Virginia's fourth graders "will investigate and describe the relationships between and among points, lines, line segments, and rays."

Virginia's eighth graders "will describe orally and in writing the relationship between the subsets of the real number system."

Enough is enough. Our poor students can't see the forest for the trees. In fact, they can barely see the trees anymore, so involved are they with the minutiae of each leaf.

In the future, let's pay more attention to the big picture. Let's find ways to unlock our children's creativity. And let's help them think things that have never been thought before.

18. The appointed mayor

Richmond will be an adolescent city as long as it acts like a strict parent doling out small bits of responsibility to its elected officials. Here, mayor, cut this ribbon, sit in this special chair for meetings — just make sure you check with the city manager before you do anything important. It's time to elect the man or woman ourselves. And while we're at it, let's make City Council a full time job. Just like all the other grown-ups have.

19. Road Rage

[image-2]Illustration by Jeffrey BlandWhen your dad pounded into you the importance of being a defensive driver, he didn't know the half of it. When he instructed you to keep at least two-and-a-half car lengths between your car and the car in front of you, he surely was worried about braking distance, not bullet distance.

But sometime around the start of this last decade of the century, people started snapping on the roads. At first, it was an appalling curiosity of the L.A. highways, people picking each other off from their cars. Then they gave it a name, road rage, and like everything that comes from L.A., soon enough it caught on around the country, including in nearby New Kent County where a young woman was murdered in a road-rage incident last summer.

How did we get here? How did we arrive at a time when the police actually instruct people to look straight ahead in their cars and not make eye contact with the other human beings driving next to them? Does anyone remember when driving was a pleasure, when families actually went for Sunday drives for something to do?

Do you ever get into your car if you don't have to? You take your life into your hands every time you do, and not just because of the hazards of maneuvering a two-ton metal cage.

This thing we've dubbed road rage is one of the more despicable developments of the late 20th century and we propose to leave it there, stranded on the side of the on-ramp to the next century. And it can be done. There is an instantaneous solution to road rage: Think. Every time you get into the car, every time you cut someone off or are cut off. Think first before you react. Just think.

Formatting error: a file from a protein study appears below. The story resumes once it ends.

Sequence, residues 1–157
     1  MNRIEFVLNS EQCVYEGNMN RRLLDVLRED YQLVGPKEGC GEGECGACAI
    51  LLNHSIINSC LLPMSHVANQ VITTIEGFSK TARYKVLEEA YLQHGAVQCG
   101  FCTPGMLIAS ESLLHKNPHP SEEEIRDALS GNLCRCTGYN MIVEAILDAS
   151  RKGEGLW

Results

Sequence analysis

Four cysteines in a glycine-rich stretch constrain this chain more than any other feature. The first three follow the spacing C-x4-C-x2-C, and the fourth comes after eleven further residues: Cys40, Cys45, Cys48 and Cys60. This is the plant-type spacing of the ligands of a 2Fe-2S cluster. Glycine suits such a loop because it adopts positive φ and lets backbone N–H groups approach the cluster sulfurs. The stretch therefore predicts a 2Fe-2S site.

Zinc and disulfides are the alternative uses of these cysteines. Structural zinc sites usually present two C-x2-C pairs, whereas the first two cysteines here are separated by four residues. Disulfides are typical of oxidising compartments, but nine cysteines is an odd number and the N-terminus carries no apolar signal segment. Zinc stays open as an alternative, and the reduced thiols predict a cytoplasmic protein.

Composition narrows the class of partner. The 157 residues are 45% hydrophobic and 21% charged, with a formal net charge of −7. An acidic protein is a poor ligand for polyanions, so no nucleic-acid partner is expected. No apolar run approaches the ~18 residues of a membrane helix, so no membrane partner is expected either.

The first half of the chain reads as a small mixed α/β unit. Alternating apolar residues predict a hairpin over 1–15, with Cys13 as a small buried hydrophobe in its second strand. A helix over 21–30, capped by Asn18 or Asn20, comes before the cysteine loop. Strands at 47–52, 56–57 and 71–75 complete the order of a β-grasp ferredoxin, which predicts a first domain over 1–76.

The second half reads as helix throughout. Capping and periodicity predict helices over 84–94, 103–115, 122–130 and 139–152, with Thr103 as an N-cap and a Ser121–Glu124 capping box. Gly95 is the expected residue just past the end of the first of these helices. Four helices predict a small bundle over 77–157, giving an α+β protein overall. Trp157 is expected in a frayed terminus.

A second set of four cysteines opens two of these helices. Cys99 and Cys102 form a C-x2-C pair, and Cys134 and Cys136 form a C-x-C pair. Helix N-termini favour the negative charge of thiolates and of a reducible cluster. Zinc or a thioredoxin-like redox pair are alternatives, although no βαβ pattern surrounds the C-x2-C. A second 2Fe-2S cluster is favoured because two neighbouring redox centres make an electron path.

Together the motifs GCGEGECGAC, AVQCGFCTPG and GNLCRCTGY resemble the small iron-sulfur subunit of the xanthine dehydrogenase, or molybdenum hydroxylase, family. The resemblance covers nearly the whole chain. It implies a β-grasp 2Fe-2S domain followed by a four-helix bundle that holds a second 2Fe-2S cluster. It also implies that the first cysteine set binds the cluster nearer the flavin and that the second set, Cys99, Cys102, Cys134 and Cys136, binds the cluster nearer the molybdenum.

20. Dot Com

People with children say that from the moment their child is born, they simply can't remember what life was like before the baby's arrival. We can relate, sort of, and maybe you can tooA. We are having trouble remembering life before the words dot com entered the lexicon, upon the birth of that bloated, wailing wonderbaby named the Internet.

Awww, wasn't it cute when it was first born? You can shop, you can keep in touch with old friends, you can send pictures to the grandparents with the click of a button. A world of knowledge at your fingertips for important research and personal self-improvement. Remember the dreams we had for the baby?

Who knew he'd grow up to be a porn star?

We have found the Internet to be only marginally useful, mostly for e-mail and some shopping. But encountering the overwhelming amount of digital detritus out there in cyberspace is like standing atop a mile-high stinking mound of landfill trash digging for grandmom's wedding band.

This dot com. That dot com. Janegetmeoffthiscrazything dot com. The culture has been overrun by two tiny syllables, one of which isn't even a word. Not to possess the suffix is not to exist, so we have tampax.com. and poptarts.com. and tacobell.com and a universe of other useless Web sites adding to the cyberglut.

Television (that medium that will be destroyed by the Internet, just you watch) is hungrily devouring dot com advertising dollars, which will top $7 billion (not a typo, that's a "b") for 1999. (Anybody stop to ask yet if the Internet is itself such a powerful tool, why is it forced to market itself through TV?) Monster.com, Amazon.com, Yahoo.com, e*Trade.com, Ameritrade.com. Dot com, dot com, dot com.

Dot com, it seems, has replaced amen as the punctuation mark to everything. Even you, a human being, are less valuable without it. How does a pingpong-playing Turkish amateur photographer get the attention of a half-million people each week? How does some average-looking girl named Jenny get every guy in America wanting to peek into her bedroom? How does a morbidly obese former pop star get anyone to care about her gastric bypass surgery? Because they have dot com after their names, and you don't.

Maybe Ted Kaczynski doesn't seem so crazy anymore, letter bombs notwithstanding. Let's sacrifice the baby for the greater good, pull the plug and sit back down in front of the TV, where we belong.